November 29, 2019

Dreaming of a green Christmas

What with plastic baubles, energy-guzzling fairy lights, and a mountain of gifts, packaging and wrapping paper at the foot of the Christmas tree, it’s fair to say this is not the most eco-friendly time of the year.
So let’s make the 2019 holiday season the one where we change some of our habits and try to reconcile the spirit of the festivities with our ideals!

For decorations, natural materials are a nice option.

If you prefer a real tree, remember to watch out for how and where your cut tree was grown: you want a sustainably-managed forest and eco-friendly growing conditions.
Some companies allow you to rent a tree. It will arrive in its own pot, and they will plant it back in the ground afterwards. Or if you’re lucky enough to have a garden or large balcony door, you could even buy a small living tree with roots and reuse it for several years.

An artificial tree has the great advantage of being reusable, but as it is made of plastic, it will take several years of use before it is an improvement over buying a local, real, tree. And at the end of its life, it can’t be put in the compost bin, but adds to the mountain of trash. If this is still your preference, you could consider buying one second-hand to slightly reduce its impact.

A final alternative is to make your own tree. The internet and craft magazines are full of DIY ideas: tree made of recycled materials (planks of wood, old pallets, even PET bottles, …), or why not a 2D flannel-board tree, or one made of sticks, painted on a wall or window, made of a pile of books, …
For more ideas try searching with

What about gifts?
  • Try to find craftsmen/women and artists with good ethical and ecological values, ideally living locally.
  • Avoid ordering from big online retailers or large chainstores.
  • Some gifts, such as books, are just as good when bought second-hand.
  • You could make your own gifts.
  • Choose gifts that can be used up (food, beauty products, …)
  • Or why not give an experience rather than an object (a trip to a concert, play, restaurant, …)
    There are a number of ideas of gift-experiences in this article from Zero waste Switzerland (FR, DE, EN).
    And some more on the Zeit statt Zeug website (FR, DE, EN).

So much for giving. But sometimes it can be difficult when we receive gifts that no longer match our values.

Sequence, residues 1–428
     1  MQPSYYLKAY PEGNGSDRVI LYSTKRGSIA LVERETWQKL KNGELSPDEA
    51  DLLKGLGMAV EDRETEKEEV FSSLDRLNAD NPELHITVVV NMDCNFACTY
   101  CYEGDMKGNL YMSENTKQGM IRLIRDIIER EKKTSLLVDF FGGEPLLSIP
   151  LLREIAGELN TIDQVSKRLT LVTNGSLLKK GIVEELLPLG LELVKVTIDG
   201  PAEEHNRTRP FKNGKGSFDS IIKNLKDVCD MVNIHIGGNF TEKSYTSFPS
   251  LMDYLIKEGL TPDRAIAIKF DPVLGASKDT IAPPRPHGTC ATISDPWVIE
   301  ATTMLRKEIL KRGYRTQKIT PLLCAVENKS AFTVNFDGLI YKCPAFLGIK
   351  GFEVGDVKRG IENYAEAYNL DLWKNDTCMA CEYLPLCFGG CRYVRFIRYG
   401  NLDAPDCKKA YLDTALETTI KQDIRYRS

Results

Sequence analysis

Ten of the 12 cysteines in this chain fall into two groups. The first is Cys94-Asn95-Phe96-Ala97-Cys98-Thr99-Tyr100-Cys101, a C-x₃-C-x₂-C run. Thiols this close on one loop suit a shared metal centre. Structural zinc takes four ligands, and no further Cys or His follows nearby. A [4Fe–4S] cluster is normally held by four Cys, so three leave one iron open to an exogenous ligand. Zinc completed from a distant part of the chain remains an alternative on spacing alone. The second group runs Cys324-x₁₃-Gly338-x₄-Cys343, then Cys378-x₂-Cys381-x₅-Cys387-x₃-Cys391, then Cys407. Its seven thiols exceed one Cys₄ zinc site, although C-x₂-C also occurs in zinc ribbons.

To avoid disappointment or embarrassment, communication is key! Be sure to let your nearest and dearest know what you would like well in advance : fewer gifts perhaps, or less packaging, specific types of gifts, etc.
You could even share this article to help them understand your way of thinking and get the conversation started ! Perhaps you’ll find you already agree on more than you knew.
Here is an in-depth article on giving and receiving Christmas gifts (FR, DE, EN).

How to reduce waste from gift wrap:
  • choose reusable gift wrap where possible: use fabric bags, or the lovely Japanese technique of furoshiki (fabric folding)
  • recycle pages from old books or magazines, your children’s drawings, newspapers, old gift wrap, cereal boxes, etc.

Of course, all these ideas apply to birthdays, baby showers, and other celebrations too.

Finally, some things to bear in mind for an eco-friendly festive dinner:
  • choose quality over quantity,
  • cook local and seasonal produce (save the fresh strawberries for a summer party!),
  • choose simple food that you can cook yourself, rather than processed ready-made products (which might mean - your menu is less elaborate, but could also make cooking Christmas dinner a family event)
  • consider having a vegetarian or vegan celebration.
To go further:
  • These holidays, take some time to think about your priorities, and about what the festivities mean to you.
  • If the primary meaning of the holidays is the opportunity to spend time with your family, maybe you don't really need all the trappings. Make your own traditions – maybe you prefer minimal decorations, no physical gifts, no gifts at all,...